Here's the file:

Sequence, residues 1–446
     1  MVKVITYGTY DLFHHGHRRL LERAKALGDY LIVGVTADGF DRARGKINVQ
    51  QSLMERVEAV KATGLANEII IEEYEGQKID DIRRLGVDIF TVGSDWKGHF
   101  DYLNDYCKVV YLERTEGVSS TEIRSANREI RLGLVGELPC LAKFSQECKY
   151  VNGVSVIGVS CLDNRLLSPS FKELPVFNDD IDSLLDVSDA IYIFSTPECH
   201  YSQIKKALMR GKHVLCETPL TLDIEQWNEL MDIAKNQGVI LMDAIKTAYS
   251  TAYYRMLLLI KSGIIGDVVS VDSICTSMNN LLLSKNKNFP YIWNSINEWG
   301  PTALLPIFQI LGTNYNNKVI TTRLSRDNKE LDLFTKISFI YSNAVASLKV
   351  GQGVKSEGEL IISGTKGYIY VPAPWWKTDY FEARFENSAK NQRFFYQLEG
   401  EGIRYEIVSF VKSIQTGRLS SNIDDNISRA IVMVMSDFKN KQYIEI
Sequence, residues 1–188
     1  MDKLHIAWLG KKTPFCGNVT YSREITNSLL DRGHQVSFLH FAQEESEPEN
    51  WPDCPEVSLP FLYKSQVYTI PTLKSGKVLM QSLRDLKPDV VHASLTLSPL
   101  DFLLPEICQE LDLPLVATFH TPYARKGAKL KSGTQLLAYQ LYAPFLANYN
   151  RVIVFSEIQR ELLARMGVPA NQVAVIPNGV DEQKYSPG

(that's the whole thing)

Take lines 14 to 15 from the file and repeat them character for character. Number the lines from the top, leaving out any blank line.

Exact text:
   101  DFLLPEICQE LDLPLVATFH TPYARKGAKL KSGTQLLAYQ LYAPFLANYN
   151  RVIVFSEIQR ELLARMGVPA NQVAVIPNGV DEQKYSPG